The lights dimmed and the crowd of men and women erupted into applause and hoots as Hollywood's blockbuster Black Panther premiered in Saudi Arabia's first movie theater. Though it was a private, invitation-only screening on Wednesday evening, for many Saudis it marked one of the clearest moments of change to sweep the country in decades, the AP reports. It's seen as part of a new era in which women will soon be allowed to drive and people in the kingdom will be able to go to concerts and fashion shows, and tuck into a bucket of popcorn in a cinema. "This is a historic day for your country," Adam Aron, CEO of AMC Entertainment, told the crowd at the screening. "It's been about 37 years since you've been able to watch movies the way movies are meant to be watched in a theater, together on a big screen."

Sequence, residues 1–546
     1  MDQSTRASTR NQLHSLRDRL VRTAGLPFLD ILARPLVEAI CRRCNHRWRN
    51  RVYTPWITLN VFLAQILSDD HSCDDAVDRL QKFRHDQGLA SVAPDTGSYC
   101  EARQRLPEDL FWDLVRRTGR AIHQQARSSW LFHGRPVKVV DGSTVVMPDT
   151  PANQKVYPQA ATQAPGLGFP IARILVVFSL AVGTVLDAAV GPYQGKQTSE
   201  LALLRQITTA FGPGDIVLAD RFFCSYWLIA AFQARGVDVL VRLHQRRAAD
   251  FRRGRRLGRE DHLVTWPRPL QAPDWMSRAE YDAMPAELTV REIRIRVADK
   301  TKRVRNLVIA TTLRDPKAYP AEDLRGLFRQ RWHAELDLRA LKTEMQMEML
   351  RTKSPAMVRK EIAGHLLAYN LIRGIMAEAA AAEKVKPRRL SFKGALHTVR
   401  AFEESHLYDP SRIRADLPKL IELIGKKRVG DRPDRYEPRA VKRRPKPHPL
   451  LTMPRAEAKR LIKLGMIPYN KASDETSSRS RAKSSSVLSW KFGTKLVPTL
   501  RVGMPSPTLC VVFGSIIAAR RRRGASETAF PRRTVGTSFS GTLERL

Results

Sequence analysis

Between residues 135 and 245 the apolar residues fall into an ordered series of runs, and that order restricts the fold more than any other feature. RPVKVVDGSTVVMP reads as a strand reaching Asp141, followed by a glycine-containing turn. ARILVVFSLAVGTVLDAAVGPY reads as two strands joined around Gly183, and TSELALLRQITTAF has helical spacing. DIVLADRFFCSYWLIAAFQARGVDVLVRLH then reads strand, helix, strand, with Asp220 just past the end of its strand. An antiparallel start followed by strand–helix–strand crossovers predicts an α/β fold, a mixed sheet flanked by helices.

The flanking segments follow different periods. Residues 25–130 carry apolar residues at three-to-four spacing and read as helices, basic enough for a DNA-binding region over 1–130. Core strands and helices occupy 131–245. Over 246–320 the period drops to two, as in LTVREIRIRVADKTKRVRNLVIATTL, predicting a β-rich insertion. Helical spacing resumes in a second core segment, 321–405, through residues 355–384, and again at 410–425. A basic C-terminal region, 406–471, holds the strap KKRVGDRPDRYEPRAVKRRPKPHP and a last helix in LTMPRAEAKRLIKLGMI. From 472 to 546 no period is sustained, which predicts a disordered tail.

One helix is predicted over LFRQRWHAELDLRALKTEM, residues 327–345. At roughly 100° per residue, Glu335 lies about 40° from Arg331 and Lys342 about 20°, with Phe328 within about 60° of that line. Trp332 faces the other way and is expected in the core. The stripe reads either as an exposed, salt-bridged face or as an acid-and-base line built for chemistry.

Authorities said the public would be able to purchase tickets online on Thursday for showings starting Friday. But there may be delays. Movies screened in Saudi cinemas will be subject to approval by government censors, and Wednesday night's premiere was no exception. Scenes of violence were not cut, but a final scene involving a kiss was axed. Still, it's a stark reversal for a country where public movie screenings were banned in the 1980s during a wave of ultraconservatism that swept Saudi Arabia. Many Saudi clerics view Western movies and even Arabic films made in Egypt and Lebanon as sinful. Despite decades of ultraconservative dogma, Crown Prince Mohammed bin Salman has pushed through a number of major social reforms with support from his father, King Salman, to satiate the desires of the country's majority young population. Click for more on the cinema (which includes prayer rooms) and plans for more theaters.
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